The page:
Current Programmes and Projects


Project site - The Karamajong Cluster

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The Karamoja Cluster refers to an area of land that straddles the borders between South-western Ethiopia, North-western Kenya, Southeastern Sudan and North-eastern Uganda. The area is populated by 14 pastoralist tribes who share a common culture and way of life. The cluster is composed of semi-arid savanna grading into wooded grassland to the north and desert to the south. Rainfall is generally unpredictable and localized, making agriculture an unreliable subsistence strategy. To survive in this habitat, pastoralists have evolved management strategies that are finely tuned to the realities of their environment.

 The Karamajong Cluster© 2010 AU-IBAR. The Karamajong Cluster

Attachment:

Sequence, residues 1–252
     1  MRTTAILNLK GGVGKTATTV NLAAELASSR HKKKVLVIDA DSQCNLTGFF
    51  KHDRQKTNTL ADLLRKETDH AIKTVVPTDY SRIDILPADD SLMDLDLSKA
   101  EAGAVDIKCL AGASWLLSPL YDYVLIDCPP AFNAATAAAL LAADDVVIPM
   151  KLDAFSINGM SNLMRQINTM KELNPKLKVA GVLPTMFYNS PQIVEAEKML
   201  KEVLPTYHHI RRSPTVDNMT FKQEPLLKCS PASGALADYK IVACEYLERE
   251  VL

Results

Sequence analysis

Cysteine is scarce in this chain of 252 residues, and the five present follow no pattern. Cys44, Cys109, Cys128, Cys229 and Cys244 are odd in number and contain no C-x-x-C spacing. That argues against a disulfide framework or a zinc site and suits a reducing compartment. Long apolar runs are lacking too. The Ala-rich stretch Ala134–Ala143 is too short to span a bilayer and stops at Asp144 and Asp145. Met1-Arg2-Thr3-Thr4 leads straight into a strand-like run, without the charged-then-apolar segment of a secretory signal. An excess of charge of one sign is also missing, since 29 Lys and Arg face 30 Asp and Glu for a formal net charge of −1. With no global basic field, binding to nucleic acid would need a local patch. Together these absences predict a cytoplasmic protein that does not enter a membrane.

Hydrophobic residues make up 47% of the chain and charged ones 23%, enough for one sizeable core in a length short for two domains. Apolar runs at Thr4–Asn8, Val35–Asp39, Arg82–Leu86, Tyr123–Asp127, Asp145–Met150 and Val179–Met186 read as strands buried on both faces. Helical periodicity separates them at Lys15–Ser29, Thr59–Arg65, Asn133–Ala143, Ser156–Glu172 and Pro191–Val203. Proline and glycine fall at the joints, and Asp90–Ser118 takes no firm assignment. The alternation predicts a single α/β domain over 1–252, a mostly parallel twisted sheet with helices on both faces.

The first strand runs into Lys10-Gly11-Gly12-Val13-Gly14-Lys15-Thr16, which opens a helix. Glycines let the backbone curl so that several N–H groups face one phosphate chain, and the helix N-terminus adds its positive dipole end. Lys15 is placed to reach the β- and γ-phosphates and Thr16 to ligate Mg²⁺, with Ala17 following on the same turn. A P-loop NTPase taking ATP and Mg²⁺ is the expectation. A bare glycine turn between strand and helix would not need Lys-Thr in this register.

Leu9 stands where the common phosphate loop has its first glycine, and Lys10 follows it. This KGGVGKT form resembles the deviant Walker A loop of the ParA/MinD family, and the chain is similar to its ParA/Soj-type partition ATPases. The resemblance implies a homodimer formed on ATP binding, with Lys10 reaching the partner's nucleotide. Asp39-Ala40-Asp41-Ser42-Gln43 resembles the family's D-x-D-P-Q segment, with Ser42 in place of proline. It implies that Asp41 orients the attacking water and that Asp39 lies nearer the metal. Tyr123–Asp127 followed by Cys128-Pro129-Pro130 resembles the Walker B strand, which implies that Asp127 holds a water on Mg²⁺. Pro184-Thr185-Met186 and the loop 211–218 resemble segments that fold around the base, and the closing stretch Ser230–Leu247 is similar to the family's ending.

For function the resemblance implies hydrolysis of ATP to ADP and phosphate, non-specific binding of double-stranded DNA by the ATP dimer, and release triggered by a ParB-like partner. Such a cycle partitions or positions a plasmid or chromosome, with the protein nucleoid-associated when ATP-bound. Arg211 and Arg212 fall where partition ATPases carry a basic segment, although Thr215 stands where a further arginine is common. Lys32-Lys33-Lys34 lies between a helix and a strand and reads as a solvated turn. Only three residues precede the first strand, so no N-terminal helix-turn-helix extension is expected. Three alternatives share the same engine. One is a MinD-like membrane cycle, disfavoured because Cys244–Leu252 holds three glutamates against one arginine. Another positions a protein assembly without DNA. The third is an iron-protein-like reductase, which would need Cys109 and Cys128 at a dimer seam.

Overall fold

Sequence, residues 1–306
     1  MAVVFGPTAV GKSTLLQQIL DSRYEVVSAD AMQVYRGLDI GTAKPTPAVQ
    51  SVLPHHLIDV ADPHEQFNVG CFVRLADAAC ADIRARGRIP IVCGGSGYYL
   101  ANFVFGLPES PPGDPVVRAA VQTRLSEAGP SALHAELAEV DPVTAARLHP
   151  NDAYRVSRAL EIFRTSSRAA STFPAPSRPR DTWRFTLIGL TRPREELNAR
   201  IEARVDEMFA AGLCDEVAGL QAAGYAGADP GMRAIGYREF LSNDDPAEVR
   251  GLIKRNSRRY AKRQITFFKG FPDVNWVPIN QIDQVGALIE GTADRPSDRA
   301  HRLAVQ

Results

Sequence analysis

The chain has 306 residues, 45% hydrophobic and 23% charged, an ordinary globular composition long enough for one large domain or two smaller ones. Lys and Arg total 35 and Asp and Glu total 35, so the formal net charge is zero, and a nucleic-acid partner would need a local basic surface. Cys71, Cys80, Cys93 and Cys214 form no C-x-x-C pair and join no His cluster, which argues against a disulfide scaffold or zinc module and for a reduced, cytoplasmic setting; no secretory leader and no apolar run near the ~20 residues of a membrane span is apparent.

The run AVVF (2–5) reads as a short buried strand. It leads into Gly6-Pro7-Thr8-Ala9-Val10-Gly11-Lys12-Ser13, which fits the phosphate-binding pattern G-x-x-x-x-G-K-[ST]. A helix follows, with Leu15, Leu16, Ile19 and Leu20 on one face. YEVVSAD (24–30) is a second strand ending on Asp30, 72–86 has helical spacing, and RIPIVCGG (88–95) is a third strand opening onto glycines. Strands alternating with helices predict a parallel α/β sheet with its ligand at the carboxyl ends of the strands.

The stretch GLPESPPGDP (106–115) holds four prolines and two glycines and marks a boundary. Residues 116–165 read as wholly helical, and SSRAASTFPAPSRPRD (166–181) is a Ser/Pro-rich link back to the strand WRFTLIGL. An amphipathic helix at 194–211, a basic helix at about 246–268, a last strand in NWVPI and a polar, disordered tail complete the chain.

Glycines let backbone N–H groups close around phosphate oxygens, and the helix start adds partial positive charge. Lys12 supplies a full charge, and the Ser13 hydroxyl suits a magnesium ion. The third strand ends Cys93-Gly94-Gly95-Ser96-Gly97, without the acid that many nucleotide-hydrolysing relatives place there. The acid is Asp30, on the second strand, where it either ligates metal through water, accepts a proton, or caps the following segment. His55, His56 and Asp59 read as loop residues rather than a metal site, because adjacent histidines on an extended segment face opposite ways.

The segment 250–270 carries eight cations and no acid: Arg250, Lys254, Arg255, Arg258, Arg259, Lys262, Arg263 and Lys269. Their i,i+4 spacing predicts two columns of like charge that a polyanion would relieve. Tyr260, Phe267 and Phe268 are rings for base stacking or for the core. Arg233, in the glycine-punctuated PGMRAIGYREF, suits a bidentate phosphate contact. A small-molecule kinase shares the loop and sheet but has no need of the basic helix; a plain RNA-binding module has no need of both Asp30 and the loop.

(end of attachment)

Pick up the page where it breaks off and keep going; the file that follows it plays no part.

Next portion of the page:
This semi-arid area is used primarily for transhumant cattle pastoralism on which inhabitants rely almost entirely. Drought and animal disease outbreaks are common and frequently whole herds can be wiped out resulting in significant food insecurity. Livestock raids by neighboring groups within the Cluster, historically limited to a 'light violence' activity by youth and controlled by elders, have, escalated since the 1970s into frequent heavy violence. Major causes include the prevalence of modern light weapons, neighbouring wars and insurgencies, the influx of refugees, international border problems, the creation of national parks, the spread of crop cultivation, and food security problems. The proliferations of modern weapons along with changes in traditional rules of engagement have transformed an adaptive practice into a maladaptive and ongoing conflict. Consequently, poverty and famine have increased in the area, and vast tracts of grazing land and water sources are placed out of reach of herders leading to destitution of many pastoralist families. The main types of conflict in the Karamajong Cluster include among others, conflict over grazing resources as pastoralists enter protected areas (e.g. Kidepo National Park in Uganda, Southern Turkana National Game Reserve, Nasolot Game Reserve) and conflicts with settled farmers (e.g. Pokot and Luhyia in Western Kenya).